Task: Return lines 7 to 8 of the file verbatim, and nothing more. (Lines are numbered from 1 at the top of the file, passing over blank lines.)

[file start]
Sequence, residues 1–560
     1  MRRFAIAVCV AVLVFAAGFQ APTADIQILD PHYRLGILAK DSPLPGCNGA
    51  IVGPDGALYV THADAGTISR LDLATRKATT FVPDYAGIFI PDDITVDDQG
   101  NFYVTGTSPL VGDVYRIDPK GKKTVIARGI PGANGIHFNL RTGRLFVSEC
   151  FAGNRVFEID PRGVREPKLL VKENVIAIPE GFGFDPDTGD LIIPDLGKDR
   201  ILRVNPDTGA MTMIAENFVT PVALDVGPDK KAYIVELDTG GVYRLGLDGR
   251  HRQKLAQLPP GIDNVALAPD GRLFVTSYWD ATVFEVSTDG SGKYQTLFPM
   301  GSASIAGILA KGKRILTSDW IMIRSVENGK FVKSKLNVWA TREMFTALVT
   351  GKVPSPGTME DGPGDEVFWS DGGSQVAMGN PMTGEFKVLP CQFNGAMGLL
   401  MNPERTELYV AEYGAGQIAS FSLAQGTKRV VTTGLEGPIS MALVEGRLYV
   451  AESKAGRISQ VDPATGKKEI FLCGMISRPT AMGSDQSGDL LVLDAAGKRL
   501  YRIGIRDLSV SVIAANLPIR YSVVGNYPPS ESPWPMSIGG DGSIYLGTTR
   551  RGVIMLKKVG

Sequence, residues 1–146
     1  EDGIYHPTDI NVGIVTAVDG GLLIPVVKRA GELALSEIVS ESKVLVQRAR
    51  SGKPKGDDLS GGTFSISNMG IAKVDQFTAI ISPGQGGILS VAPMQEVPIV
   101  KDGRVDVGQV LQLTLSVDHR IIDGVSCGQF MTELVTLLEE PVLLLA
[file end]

   251  HRQKLAQLPP GIDNVALAPD GRLFVTSYWD ATVFEVSTDG SGKYQTLFPM
   301  GSASIAGILA KGKRILTSDW IMIRSVENGK FVKSKLNVWA TREMFTALVT